When in restaurants, it is possible that you will have to flag down a server to bring you your bill after a meal. This can seem as futile as trying to get a cab in midtown Manhattan during rush hour, but this is just something you will have to be patient about. Perhaps don’t plan on having a quick bite right before a show. The French are not into quick bites anyway. The bright side of this situation is that you won’t feel, as in some American cities (New York), like the wait staff is escorting you to the door the minute your meal is finished, making the restaurant’s desire for high turnover really obvious, or, as in other American cities (San Francisco), snubbed by servers who just don’t feel like being there.
While Paris has traditionally been a fashion center, the sartorial choices of the general population are not that adventurous. Many people feel that they need to wear what is “in” during a particular season, regardless of what might suit them, so if blue and brown are “in” one season, that is what people will wear and if everyone wears either a navy or black pea coat during the winter months ... you’ll just end up seeing a sea of people who all look alike.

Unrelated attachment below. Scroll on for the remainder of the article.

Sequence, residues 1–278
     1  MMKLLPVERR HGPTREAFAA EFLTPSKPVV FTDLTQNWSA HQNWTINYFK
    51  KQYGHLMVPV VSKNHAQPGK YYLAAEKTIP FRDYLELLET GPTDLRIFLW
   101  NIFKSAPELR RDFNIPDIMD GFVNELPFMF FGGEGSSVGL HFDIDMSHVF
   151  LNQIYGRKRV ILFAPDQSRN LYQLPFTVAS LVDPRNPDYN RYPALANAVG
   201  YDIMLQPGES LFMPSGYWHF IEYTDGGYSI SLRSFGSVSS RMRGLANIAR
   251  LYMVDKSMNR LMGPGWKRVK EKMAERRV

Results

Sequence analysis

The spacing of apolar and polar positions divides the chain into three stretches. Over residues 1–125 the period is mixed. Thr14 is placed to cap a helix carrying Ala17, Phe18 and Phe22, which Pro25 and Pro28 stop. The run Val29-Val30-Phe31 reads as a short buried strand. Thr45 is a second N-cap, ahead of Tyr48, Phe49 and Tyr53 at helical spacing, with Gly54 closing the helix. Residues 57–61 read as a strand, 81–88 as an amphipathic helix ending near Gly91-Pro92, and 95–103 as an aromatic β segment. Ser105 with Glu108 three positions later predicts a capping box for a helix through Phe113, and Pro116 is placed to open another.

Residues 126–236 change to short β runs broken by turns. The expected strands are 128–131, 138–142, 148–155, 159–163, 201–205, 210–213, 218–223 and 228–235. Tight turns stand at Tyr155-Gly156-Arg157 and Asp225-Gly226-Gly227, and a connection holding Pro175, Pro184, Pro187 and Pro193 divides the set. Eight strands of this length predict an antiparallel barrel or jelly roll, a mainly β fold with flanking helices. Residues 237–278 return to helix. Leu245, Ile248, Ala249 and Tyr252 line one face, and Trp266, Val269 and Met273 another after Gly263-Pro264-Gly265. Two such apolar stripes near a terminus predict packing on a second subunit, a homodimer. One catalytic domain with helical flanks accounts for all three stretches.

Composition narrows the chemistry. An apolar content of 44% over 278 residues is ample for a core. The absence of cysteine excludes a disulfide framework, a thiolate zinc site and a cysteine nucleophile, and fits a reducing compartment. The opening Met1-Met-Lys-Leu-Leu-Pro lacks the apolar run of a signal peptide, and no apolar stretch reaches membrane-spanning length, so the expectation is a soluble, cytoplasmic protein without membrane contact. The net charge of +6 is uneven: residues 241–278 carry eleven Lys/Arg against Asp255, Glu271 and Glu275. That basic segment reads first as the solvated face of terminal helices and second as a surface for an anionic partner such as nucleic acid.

Ideas of hygiene differ from country to country and the French have a higher tolerance for litter and waste left in the street than, say, the Japanese, who learn to clean up after themselves in school. The French might have lower tolerance for piles of junk left in the street than Americans, who have adjusted to quite a large homeless population which does not have anywhere else to put their junk besides the street.
Meal times are MEAL TIMES. This includes snacks, which come under the rubric of “goûter”, placed on the French gastronomic schedule in many textbooks, and with good reason. A “goûter” is not eaten on the bus or during your afternoon lecture, but seated at a table or perhaps on a park bench, and never during a concert at the Cité de la musique-Philharmonie de Paris. In the same vein, lunch does not mean scarfing a bag of chips on the metro and breakfast does not mean guzzling 8oz of diet coke in the morning. Likewise, students do not tend to eat in class, although bottles of water may appear on the desks of both students and professors.
Meal times are very important to the French and I remember that when I arrived at the École normale supérieure to study in Paris for a year, there was a problem with activating the identification cards of the foreign students. Although immediate activation was not possible, our responsable made sure we could enter the ENS dining hall right away because “Il faut qu’ils mangent”.